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Teaching Methods

Common Issues with quantitative analysis

Started almost 2 years ago by James Hammond.

I teach high school chemistry. A common issue I have observed over the last several years is a difficulty students experience when dealing with quantitative analysis and common computations. Specifically students exhibit frustrations with scientific notation and unit conversions. Every year I feel as if I spend more time teaching and reteaching these concepts. Do you as a chemistry teacher, observe the same issue and if so how do you address it?


  • James Hammond

    Posted over 1 year ago

    I do teach it but not as a formal component of the curriculum. It is more of a,"If you have a calculator," sort of thing.

  • Loreen Holstein

    Posted over 1 year ago

    At the beginning of the year, spending time on a measurement unit is a difficult task for students.  Therefore, incorporating activities such as a Law of Consevation of Mass laboratory and Size of an Atom laboratory are ways to incorporate the use of measurements and unit conversions into the first two units without having to drill and practice significant figures, scientific notation and unit conversions.    Otherwise, I agree students do become frustrated but this above method has worked.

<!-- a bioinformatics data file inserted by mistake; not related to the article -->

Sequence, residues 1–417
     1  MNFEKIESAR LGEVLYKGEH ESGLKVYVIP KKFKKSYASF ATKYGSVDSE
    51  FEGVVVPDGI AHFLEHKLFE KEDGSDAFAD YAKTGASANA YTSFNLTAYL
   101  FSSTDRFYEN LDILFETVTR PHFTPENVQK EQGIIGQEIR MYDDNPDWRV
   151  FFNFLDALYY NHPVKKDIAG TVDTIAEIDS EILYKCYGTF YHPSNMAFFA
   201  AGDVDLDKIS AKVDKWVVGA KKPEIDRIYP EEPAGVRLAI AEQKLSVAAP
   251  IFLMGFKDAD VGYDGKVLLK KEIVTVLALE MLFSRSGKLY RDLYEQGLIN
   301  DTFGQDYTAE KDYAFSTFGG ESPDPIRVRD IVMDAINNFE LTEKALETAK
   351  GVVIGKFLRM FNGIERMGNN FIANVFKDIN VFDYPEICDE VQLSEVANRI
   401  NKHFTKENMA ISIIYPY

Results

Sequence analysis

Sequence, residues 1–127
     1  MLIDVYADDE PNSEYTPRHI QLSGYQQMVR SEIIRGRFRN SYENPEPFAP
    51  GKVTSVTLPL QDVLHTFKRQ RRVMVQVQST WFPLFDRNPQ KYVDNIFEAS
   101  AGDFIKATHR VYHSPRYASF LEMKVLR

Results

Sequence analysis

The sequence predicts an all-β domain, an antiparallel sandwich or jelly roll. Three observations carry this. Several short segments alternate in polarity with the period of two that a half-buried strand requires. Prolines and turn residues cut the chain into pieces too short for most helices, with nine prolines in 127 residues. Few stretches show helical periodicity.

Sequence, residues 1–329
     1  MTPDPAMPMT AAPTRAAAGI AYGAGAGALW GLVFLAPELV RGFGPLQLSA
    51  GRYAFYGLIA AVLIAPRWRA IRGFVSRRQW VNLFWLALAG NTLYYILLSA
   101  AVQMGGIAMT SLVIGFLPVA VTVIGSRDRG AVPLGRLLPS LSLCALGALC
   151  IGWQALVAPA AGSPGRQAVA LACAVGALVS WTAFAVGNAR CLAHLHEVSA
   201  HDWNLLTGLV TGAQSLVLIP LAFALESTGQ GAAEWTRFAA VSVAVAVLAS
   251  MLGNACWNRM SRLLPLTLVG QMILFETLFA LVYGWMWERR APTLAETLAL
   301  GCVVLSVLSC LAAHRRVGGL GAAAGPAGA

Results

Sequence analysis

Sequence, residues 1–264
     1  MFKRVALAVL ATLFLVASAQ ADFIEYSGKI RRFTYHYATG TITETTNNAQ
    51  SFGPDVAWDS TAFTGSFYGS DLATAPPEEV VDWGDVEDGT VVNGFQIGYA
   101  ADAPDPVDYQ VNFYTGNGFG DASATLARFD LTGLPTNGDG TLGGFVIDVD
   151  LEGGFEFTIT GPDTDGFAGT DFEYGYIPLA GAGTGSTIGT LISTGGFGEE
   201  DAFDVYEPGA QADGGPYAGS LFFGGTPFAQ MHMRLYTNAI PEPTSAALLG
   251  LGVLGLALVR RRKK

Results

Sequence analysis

• Frederick Schlick

    Posted over 1 year ago

    Hi James,
    It takes me 3-4 weeks to thoroughly cover my first unit of measurement which includes, rounding, significant figures, percent error, error analysis and little dimensional analysis. Plus, I teach the statistical method for rounding "5" , which seems to blown their mind. Scientific notation is not taught in math class in my district. It is frustrating to me.
    This is why I decided to teach specific heat, calorimtery and phase change diagrams as my second unit. I don't like how most textbooks follow with matter or atomic theory after I spent all that time with measurement.
    Do you also need to teach your students how to do scientific notation on their calculators?